Want to know the actual rules of Hopscotch? You’re in the right place!
You know that the old school Hopscotch game from your childhood involves hopping around on one foot, but do you remember the actual rules?
We sure didn’t!
But after some diligent digging and researching of this classic game, we found the Official Rules of Hopscotch, plus some fun variations. And now we’re spreading the word.
The beauty of Hopscotch is that you don’t need any fancy equipment, it costs basically nothing, and it keeps the kids active all year long. Below, we’re outlining the rules of the traditional game, as well as some fun variations.
History of Hopscotch
How To Draw the Hopscotch Board
Basic Rules of Hopscotch
Variations of Hopscotch
Benefits of Hopscotch
History of Hopscotch
Scholars believe that everyone’s favorite playground game may actually be more than one thousand years old, originating in ancient Britain. It’s believed to have begun during the early Roman Empire, when the hopscotch courts were used for military training exercises and were over one hundred feet long. Roman soldiers would run the full course while dressed in their full armor.
Roman children began imitating them and developing a scoring system to turn it into a game. Throughout the years, hopscotch has spread throughout the world.
Sometimes you might see the world “London” written at the top of a hopscotch court. It’s a reminder of the Roman Road, the “Great North Road”, which is a 400 mile road used by the Roman military that stretched from Glasgow to London.
How To Draw A Hopscotch Board
The first thing you’ll need to do is draw or create a traditional hopscotch court like the one pictured below. If you’re outside, use chalk (sidewalk chalk is the best kind to use). If you’re inside, you can delineate the hopscotch pattern with masking tape or painter’s tape.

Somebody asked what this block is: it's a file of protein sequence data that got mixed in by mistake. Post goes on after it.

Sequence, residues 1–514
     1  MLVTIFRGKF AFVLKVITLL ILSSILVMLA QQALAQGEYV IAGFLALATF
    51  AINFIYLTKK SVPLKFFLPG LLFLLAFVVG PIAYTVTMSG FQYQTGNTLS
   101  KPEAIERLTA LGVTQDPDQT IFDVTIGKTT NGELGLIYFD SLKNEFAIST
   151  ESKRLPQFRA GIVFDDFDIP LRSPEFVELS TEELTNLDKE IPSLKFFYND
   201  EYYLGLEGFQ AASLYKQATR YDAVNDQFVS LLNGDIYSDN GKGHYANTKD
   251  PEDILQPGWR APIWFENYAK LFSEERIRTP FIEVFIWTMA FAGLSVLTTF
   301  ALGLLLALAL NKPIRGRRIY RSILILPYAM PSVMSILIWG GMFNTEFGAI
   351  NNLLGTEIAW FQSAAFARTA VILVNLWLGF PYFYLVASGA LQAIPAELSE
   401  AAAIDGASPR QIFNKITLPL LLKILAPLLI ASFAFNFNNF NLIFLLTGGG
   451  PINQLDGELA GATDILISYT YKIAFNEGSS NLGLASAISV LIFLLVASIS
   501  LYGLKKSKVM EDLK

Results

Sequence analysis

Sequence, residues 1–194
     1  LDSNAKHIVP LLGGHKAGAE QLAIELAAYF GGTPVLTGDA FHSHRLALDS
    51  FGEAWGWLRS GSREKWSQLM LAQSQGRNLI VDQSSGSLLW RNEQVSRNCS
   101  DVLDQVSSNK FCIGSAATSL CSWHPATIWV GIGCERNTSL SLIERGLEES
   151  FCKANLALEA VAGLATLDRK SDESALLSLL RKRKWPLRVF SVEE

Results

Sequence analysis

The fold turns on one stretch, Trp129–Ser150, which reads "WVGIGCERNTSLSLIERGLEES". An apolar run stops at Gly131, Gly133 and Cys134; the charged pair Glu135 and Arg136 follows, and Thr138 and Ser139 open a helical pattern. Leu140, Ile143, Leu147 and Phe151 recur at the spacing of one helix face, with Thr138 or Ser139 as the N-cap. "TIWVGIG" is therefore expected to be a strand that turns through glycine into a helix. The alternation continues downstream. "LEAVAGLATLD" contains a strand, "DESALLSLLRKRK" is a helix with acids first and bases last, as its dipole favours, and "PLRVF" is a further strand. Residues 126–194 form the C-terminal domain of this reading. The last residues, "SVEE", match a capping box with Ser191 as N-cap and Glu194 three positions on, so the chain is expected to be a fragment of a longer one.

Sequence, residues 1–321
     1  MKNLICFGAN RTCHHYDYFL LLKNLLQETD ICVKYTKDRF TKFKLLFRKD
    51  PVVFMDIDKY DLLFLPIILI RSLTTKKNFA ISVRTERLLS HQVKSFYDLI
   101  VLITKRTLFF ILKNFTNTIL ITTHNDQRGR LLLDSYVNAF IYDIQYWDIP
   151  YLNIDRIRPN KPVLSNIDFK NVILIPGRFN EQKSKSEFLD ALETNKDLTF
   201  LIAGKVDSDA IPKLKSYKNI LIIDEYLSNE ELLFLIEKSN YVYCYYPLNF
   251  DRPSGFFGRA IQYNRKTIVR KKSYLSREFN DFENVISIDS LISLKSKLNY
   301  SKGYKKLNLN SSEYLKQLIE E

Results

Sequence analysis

The hopscotch design pictured above is the traditional version, but you can find other hopscotch diagrams online, or get creative and come up with you own.
At the top of the grid is a large half circle shape with the number ten drawn inside. Connected to that is a numbered square coming off the middle of the half moon with a nine drawn inside.
From there, you draw two side squares that are wider than the nine with seven drawn in the left square and eight drawn inside the right square. You repeat the pattern for the next set of squares. The next square – the six box – is a single square, and the five and four boxes are double squares side by side.
For the last three boxes, you draw just one square (with no square next to it) for three, two, and on. (Some variations of this grid have the one and two boxes side by side as single squares.)
You can also create a spiral court, like the one pictured here:
No matter what design of the court you choose, the basic rules will stay the same.
Remember, if you don’t have chalk or are paying hopscotch inside on a rainy day, you can delineate the grid with masking tape, painters tape, electrical tape, or duct tape.
Now that you’ve created your Hopscotch Court, you’re ready to play!
Basic Rules of Hopscotch
Following the basic hopscotch rules is not difficult. It’s the simplicity of the game that has made it so popular over the years. Even younger children can catch easily with a little practice.
The traditional rules have the first player lining up at the starting line and throwing a small stone, bean bag, small rock, bottle cap, or other small object in the first square of the hopscotch grid. (If it lands in the wrong square, outside the square or on the line, the player loses their turn.)